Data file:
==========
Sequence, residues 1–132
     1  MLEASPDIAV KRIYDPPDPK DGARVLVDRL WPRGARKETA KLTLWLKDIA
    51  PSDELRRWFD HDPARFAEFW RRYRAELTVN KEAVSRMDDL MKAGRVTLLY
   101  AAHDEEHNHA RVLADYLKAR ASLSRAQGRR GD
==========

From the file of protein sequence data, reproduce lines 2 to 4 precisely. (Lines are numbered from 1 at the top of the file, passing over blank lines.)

     1  MLEASPDIAV KRIYDPPDPK DGARVLVDRL WPRGARKETA KLTLWLKDIA
    51  PSDELRRWFD HDPARFAEFW RRYRAELTVN KEAVSRMDDL MKAGRVTLLY
   101  AAHDEEHNHA RVLADYLKAR ASLSRAQGRR GD